Introduction: Cope With Big Soap: Failed Approach
In an earlier openproducts' Instructable four ways were demonstrated to reduce the use of liquid handwash by adapting a hand-powered soap dispenser. These four approaches were:
- The Engineer's Approach: reduce the stroke of a soap pump piston;
- The Salesman's Approach: dilute the dispenser's soap with water;
- The Approach of Self-Control: don't push it too far; and
- The Environmentalist's Approach: use tablets of soap instead of liquid handwash.
These four solutions have all been documented in an Instructable that was published in June 2013: 'Cope with Big Soap', which also featured interesting soap dispenser statistics. Purpose of reducing the use of liquid handwash is twofold: use less natural resources and reduce expenses (for households but also for companies or services). The assumption on the reference situation is that users commonly use an amount of liquid handwash equal to a full single stroke of the dispenser's handle.
Now back to the four approaches listed above. Initially, there was also a fifth approach, a second Engineer's Approach, which failed miserably. For that reason it is documented here in the Epic Fail Contest 2015.
About that fifth approach a draft version of that first Soap Instructable read the following text, which over-confidently was written before the actual experiment was executed:
[Draft text, not published because the approach failed]
The Engineer's Approach II: introduce an internal by-pass in the pump's cylinder
This method is non-reversible: in the worst case your dispenser pump will be lost. The idea is to create a by-pass, or rather to introduce a leakage to the cylinder. Once the handle is pressed, part of the soap will leave through the sprayer (the standard routing), but part of the soap will leave through the by-pass and will thus flow back to the container. The hole is best located at the bottom of the cylinder in order not to speed up the piston's wear. A hole of 1 mm (0.04 in) resulted in a supply reduction of x%. An advantage of this approach is that the stroke that the user is experiencing is not being influenced. Attentive users might however still notice that 'something has happened to the soap dispenser'.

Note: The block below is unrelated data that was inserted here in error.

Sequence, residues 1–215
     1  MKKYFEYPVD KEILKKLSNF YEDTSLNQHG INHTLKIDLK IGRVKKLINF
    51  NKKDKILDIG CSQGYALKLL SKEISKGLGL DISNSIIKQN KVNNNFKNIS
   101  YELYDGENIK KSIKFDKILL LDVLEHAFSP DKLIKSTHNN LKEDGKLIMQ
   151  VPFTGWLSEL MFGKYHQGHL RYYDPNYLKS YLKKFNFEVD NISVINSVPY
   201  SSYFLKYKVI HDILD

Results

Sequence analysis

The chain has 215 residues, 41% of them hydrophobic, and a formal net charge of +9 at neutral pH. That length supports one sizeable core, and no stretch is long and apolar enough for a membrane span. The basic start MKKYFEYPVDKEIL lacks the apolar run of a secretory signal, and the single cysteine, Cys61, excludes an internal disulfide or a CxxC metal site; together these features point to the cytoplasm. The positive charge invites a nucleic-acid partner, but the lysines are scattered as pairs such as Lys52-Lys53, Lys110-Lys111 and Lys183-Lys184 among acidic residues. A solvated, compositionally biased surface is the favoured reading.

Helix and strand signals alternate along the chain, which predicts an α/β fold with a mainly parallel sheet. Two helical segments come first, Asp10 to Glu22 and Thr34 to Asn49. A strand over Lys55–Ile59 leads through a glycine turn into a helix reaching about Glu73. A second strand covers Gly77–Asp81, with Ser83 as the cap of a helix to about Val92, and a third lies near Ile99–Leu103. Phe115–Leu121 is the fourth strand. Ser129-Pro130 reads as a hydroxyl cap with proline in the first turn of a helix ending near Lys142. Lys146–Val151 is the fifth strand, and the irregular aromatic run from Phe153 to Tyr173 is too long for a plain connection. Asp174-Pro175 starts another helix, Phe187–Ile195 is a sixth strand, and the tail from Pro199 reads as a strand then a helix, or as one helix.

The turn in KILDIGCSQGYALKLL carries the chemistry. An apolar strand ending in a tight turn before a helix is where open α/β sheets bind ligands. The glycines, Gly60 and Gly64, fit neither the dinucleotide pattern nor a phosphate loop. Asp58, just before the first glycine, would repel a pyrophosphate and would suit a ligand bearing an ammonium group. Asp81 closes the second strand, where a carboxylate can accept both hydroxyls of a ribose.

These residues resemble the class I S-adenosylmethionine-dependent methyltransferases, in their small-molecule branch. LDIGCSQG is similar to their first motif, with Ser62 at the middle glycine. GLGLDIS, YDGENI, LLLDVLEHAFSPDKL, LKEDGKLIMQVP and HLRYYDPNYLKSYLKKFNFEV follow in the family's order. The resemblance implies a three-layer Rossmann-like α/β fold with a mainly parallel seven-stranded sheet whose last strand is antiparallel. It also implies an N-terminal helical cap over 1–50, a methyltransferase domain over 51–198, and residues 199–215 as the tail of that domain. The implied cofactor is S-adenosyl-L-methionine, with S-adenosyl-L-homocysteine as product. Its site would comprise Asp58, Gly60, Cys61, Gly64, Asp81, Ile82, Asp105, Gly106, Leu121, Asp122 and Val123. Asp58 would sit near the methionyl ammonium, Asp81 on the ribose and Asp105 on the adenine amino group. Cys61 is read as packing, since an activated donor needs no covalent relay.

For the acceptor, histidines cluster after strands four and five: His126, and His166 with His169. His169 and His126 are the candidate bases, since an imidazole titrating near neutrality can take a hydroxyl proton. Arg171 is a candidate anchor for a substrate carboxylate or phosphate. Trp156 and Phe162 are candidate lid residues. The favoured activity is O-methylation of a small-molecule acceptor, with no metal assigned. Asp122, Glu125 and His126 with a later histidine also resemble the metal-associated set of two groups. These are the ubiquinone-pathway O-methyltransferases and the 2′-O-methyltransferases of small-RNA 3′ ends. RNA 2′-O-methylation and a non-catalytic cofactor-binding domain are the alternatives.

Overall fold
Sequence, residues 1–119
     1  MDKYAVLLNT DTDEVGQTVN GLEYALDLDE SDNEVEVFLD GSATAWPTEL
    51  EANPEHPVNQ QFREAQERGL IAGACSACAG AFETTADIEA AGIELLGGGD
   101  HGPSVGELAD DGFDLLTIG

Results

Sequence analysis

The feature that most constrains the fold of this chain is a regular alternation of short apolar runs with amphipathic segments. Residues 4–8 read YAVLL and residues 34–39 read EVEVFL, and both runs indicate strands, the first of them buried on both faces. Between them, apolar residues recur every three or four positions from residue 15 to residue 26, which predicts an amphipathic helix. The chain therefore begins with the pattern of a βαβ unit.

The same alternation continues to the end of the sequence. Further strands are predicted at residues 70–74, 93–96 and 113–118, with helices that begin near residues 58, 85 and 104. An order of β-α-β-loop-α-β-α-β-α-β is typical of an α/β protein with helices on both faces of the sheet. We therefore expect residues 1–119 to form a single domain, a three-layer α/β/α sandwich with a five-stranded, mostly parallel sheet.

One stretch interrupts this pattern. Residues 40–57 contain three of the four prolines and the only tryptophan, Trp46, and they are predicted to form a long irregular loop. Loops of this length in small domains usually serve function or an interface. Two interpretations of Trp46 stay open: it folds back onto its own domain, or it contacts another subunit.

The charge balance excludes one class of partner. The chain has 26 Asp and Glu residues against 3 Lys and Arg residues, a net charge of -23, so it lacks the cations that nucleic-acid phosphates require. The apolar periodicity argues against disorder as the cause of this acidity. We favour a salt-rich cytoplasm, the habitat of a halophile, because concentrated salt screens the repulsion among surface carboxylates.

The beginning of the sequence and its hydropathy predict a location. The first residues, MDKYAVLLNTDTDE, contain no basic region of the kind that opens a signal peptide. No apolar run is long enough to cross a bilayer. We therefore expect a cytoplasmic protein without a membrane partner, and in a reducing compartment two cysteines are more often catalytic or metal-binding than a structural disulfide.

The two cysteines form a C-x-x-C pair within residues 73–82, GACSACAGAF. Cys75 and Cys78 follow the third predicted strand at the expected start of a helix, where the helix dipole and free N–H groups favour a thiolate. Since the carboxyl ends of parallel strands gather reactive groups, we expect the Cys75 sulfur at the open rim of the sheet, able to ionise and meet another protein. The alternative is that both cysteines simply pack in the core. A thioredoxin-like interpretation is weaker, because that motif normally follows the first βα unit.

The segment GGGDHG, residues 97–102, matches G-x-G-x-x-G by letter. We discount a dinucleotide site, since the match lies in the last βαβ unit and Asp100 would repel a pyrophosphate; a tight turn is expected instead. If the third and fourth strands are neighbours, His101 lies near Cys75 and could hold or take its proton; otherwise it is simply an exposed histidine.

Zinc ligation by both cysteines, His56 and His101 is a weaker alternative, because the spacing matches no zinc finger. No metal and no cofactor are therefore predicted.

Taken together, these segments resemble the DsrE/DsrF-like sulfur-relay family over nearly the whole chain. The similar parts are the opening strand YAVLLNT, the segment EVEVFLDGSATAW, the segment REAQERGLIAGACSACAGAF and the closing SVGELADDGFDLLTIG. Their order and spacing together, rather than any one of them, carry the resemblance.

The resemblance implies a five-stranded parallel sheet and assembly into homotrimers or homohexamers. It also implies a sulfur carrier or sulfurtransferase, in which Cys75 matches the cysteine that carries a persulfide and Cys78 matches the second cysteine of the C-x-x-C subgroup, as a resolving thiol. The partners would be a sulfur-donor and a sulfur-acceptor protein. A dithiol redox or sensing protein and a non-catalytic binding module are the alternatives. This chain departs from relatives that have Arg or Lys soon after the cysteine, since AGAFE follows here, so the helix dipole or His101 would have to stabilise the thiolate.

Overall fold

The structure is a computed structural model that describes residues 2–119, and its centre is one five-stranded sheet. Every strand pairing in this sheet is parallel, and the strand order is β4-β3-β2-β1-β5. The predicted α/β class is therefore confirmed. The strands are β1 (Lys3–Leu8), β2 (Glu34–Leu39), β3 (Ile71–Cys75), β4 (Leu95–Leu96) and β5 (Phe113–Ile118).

[End of draft text]
The picture taken of that first experiment is quite spectacular: it shows the soap squirting through the little hole, back into the container, see above (the round opening was only made to be able to visualize the concept).
The bad news was: the approach didn't work, simply because false air was sucked into the cylinder. It worked once only, and then the pump was dead.
The good news is that a new approach was born when documenting the current Instructable, in a similar but improved concept compared to the failed approach reported here. First tests show an output reduction of 60%, again by applying an internal by-pass. Praise the maker's process of iteration! This concept will be documented soon here at Instructables.
In the meantime, if you like failed projects, feel free to have a look at two earlier openproducts' Instructables about iterative making and sharing:
- Failed Project: Keeping Snails Away from a Vegetable Garden (June 2013), and
- Failed Project: Tow Child's Bicycle (August 2013).
The next Step in this Instructable shows some more pictures of the failure with the soap pump by-pass.
Step 1: More Pictures of the Failure
As explained in the previous Step, an on-purpose by-pass was made to reduce the soap output of the dispenser. The round hole in the container is only to see what's happening. The picture in the Introduction (first picture) shows what's happening when the dispenser's handle is activated: part of the liquid soap gushes back into the container.
As announced above, a follow-up Instructable will be published soon. Check out openproducts' Twitter account to stay tuned!
That's all for this Instructable. The next and final Step spends some words on the Creative Commons license.
Step 2: License
This Instructable is being made available through a Creative Commons Attribution (CC-BY) license. Republishing this Instructable is allowed, provided it is being attributed properly (cite the name openproducts, link to www.openproducts.org, www.instructables.com/member/openproducts, or the original Instructable. For other arrangements send a Private Message through the instructables member page (www.instructables.com/member/openproducts).
Participated in the
Spectacular Failures Contest